Batalá Durham Held Another Rehearsal at Central Park. The Cops Were Called. | Triangulator | Indy Week

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Batalá Durham Held Another Rehearsal at Central Park. The Cops Were Called.



On Monday evening, the community-oriented samba-reggae percussion ensemble Batalá Durham once again held its weekly rehearsal at Durham Central Park. And once again, there was a noise complaint, and the cops showed up.

As the INDY reported last week, complaints from one resident of Liberty Warehouse Apartments have resulted in the Durham Police Department shutting down Batalá's rehearsals on two previous occasions in June and July. After the story ran, a handful of Liberty residents chimed in with their support of Batalá Durham, and several appeared at Monday night's gathering.

Most of the rehearsal went on without incident. But at 7:15, DPD officer B.K. Mincey pulled up and approached the group. He spoke with Caique Vidal, Batalá Durham's musical director, and Justin Anderson-Pomeroy, its cofounder. As the officer wrapped up the conversation, Vidal gently asked if the group had to end its rehearsal. Mincey scoffed, shook his head, and bid them a good night before he walked away.

Around 7:42, two police SUVs arrived, and heavy rain began shortly thereafter. Officers J.S. Tyler and N.T. Thorpe met with Joy Vidal, a member of Batalá Durham (she's married to Caique Vidal). They explained that they were responding to a noise complaint and were there to end the rehearsal. (The officers didn't actually stop the rehearsal, but Caique Vidal elected to bring it to a halt.)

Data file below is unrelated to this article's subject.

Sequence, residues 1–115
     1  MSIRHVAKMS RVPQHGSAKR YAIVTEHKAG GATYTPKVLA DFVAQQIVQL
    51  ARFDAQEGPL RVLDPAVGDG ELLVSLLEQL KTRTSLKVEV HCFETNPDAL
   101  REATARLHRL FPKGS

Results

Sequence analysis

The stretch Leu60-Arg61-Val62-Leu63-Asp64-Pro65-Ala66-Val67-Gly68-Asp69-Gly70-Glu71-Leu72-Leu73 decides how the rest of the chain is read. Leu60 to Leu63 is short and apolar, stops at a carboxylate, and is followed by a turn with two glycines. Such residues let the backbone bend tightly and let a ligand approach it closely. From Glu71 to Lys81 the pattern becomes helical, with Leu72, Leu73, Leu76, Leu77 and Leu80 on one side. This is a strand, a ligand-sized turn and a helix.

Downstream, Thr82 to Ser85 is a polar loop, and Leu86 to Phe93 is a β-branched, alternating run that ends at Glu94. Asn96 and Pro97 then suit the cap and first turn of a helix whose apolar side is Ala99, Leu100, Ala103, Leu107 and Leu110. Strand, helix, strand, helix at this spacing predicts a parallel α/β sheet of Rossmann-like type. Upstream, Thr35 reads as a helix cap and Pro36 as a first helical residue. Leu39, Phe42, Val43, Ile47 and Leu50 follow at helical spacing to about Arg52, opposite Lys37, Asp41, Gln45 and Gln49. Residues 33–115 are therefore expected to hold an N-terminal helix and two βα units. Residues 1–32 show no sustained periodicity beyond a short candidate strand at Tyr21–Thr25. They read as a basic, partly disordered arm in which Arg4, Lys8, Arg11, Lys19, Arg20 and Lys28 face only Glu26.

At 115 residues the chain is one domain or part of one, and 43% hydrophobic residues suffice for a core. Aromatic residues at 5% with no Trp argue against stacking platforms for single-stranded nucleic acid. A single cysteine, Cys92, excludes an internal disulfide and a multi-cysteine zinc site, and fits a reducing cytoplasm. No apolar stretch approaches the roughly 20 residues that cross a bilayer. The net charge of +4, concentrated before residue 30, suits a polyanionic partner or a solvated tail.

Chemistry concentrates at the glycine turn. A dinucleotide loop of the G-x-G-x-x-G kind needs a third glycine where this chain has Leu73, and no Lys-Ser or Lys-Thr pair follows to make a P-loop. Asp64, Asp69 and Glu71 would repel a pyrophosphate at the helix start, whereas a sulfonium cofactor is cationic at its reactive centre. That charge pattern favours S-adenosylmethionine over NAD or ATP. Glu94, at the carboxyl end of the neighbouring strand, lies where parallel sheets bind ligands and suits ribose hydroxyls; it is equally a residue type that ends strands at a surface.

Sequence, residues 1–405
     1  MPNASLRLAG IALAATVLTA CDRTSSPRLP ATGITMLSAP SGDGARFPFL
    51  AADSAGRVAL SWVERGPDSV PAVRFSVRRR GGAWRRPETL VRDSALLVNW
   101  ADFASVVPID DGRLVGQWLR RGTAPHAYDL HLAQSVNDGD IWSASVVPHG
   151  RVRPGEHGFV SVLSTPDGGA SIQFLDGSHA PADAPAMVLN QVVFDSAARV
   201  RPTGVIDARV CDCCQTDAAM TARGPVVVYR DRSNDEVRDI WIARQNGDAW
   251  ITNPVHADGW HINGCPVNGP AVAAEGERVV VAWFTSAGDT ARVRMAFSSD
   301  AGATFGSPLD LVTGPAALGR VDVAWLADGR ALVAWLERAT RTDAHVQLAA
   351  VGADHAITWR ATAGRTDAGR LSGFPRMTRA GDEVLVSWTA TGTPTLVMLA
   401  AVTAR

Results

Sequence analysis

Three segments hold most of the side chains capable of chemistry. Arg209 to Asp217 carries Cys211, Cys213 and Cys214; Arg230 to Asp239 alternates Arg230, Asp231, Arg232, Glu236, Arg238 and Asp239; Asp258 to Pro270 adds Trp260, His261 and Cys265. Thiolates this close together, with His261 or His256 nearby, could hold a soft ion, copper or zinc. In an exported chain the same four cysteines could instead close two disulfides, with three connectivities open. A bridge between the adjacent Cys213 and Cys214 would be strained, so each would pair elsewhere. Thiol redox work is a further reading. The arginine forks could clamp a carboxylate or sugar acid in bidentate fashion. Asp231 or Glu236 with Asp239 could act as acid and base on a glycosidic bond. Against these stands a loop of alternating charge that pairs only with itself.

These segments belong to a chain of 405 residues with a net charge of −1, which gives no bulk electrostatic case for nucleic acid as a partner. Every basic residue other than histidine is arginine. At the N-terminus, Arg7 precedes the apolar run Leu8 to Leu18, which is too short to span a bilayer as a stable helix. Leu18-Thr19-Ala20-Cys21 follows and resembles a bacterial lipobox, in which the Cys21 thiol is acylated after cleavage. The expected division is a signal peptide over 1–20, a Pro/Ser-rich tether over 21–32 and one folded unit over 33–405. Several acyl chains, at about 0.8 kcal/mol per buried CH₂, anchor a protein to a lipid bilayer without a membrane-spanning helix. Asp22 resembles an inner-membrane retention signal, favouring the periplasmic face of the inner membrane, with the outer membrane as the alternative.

Officer Tyler said the complaint wasn't based on specific decibel levels—in fact, the department's decibel meter is currently out of service. (Durham's noise ordinance dictates that no nighttime noise—between eleven p.m. and eight a.m.—should exceed fifty decibels, and daytime noise should not exceed sixty decibels.) Tyler told the group that it could be in violation of other ordinances, but he did not specify which ones. 

"We have to use our reasonable senses," he said, adding that that the single complainer's concern was "just as valid as anybody else's."

The officers explained that the group's best route was to get a permit with a variance, which only the city manager can issue. Thorpe told Batalá that any further complaints would lead to a citation, resulting in a $35 fine, plus $173 in court costs.

Now Batalá will have to decide whether to show up again next week and risk a citation. All signs point to yes.

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